1.30 am

Mr. Deputy Speaker: Order. We are considering serious matters and our proceedings on them are best conducted without sound effects. We want to hear whoever has the Floor. I call Ms Blears.

Ms Blears: I am making it clear—

Peter Bottomley (Worthing, West) (Con): On a point of order, Mr. Deputy Speaker. You rightly said that we must listen to the person who is speaking, but the person who should answer the question of my right hon. and learned Friend the Member for Rushcliffe (Mr. Clarke) is the Home Secretary. Will he please speak and give us the answer?

Mr. Deputy Speaker: I must say to the hon. Gentleman that I have called the Minister and she has the Floor.

Ms Blears: I am happy to confirm that our advice from the Security Service is that, if we use balance of probabilities, we will not be able to secure orders on some of the people about whom it has significant concerns.

Mr. Garnier : The Minister tried to distinguish between a total deprivation of liberty—house detention—and a restriction on liberty, that is, a non-derogating order. Does she not understand that the Human Rights Act 1998, which the Government introduced, makes it clear that any such conduct could amount to a penalty under that legislation? [Interruption.] The Minister may snigger, but we are considering human rights and it makes no difference whether the Government are depriving a citizen of all his liberties or merely some. It still constitutes a penalty. Surely the higher not the lower standard of proof should apply.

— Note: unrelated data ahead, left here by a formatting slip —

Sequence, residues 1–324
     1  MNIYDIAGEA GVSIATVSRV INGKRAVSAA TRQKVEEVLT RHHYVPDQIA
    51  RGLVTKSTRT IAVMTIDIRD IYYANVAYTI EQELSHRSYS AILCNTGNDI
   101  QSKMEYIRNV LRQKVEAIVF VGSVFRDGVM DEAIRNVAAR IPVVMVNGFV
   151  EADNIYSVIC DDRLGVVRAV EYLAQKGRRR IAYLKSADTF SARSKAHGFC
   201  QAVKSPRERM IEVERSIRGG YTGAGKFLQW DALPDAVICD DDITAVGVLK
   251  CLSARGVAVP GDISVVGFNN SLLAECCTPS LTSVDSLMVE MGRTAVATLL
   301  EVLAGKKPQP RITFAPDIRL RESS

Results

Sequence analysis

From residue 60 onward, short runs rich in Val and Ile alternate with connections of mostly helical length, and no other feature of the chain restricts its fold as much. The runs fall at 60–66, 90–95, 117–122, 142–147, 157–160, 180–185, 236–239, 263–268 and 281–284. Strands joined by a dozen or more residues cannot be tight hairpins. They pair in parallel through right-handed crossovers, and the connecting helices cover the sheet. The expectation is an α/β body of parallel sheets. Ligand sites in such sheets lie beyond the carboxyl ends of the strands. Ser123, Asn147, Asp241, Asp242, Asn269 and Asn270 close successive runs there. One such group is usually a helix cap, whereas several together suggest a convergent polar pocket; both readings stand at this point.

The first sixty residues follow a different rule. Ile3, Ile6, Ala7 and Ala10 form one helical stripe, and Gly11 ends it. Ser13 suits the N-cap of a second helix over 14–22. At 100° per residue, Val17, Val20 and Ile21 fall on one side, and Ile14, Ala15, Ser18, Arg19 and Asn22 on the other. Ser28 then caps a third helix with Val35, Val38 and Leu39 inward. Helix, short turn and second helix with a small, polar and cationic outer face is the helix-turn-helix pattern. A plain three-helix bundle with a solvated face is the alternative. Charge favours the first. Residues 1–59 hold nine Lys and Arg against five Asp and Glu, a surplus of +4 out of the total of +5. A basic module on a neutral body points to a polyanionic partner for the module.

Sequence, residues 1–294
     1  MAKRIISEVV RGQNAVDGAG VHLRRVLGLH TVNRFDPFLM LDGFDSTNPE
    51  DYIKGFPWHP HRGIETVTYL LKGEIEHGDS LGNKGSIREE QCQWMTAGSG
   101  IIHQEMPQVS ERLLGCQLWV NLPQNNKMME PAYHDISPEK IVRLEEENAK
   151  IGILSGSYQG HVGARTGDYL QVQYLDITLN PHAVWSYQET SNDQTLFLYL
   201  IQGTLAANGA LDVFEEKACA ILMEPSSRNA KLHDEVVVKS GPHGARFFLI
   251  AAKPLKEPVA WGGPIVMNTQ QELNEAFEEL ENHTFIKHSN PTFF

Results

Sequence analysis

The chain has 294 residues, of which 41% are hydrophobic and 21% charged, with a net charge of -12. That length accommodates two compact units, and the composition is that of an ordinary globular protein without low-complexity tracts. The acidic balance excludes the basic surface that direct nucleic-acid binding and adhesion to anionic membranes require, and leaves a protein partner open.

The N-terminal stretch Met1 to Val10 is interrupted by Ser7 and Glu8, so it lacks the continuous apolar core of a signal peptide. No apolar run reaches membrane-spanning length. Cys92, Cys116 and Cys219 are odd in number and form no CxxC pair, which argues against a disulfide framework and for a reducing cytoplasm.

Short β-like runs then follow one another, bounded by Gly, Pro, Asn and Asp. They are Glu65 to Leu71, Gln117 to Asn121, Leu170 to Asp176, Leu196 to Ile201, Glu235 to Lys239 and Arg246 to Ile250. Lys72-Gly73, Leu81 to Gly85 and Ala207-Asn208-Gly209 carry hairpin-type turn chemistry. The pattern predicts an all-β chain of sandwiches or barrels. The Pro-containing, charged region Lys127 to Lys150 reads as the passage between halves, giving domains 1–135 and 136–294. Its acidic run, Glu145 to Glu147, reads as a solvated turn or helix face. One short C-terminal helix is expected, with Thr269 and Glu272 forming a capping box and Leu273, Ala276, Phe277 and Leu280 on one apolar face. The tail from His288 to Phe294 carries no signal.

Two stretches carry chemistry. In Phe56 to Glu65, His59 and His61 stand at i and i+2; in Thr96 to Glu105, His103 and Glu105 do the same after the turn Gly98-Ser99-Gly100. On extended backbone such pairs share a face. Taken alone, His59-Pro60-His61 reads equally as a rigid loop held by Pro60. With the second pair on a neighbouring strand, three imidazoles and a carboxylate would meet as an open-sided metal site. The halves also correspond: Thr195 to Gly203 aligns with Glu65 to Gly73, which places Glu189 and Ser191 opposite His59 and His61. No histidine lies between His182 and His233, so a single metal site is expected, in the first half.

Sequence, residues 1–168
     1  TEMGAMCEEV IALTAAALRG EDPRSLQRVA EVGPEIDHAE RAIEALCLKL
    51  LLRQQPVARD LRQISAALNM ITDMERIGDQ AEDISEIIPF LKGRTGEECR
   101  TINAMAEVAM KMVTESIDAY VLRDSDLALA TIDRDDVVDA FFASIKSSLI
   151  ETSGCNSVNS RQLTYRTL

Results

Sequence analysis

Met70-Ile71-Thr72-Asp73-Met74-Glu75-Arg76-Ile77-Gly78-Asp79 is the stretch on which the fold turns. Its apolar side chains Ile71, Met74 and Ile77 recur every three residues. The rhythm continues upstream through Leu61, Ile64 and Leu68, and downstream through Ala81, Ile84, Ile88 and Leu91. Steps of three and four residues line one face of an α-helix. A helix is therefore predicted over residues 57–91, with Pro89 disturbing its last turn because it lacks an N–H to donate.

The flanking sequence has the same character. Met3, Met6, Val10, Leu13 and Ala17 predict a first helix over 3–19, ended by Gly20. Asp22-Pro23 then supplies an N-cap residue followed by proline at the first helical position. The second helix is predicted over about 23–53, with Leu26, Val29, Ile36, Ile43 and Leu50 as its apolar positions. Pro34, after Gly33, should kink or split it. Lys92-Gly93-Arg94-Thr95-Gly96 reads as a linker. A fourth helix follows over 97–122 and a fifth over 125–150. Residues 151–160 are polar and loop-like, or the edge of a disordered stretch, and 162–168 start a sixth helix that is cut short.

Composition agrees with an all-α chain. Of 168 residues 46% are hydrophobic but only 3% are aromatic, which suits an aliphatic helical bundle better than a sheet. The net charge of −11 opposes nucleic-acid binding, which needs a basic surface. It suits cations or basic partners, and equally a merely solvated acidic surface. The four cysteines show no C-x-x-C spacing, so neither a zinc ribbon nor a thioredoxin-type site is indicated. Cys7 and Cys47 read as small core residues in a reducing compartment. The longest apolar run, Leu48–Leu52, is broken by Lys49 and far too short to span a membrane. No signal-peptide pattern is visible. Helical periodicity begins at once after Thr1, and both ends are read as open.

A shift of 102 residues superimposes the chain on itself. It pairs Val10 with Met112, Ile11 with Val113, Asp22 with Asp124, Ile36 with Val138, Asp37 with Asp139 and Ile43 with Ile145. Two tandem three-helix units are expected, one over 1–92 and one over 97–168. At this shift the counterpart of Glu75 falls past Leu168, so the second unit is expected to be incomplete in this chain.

Ms Blears: The hon. and learned Gentleman is experienced enough in the law to know that article 5 of the European convention on human rights makes a distinction between restrictions on and deprivation of liberty. We have proceeded on that basis.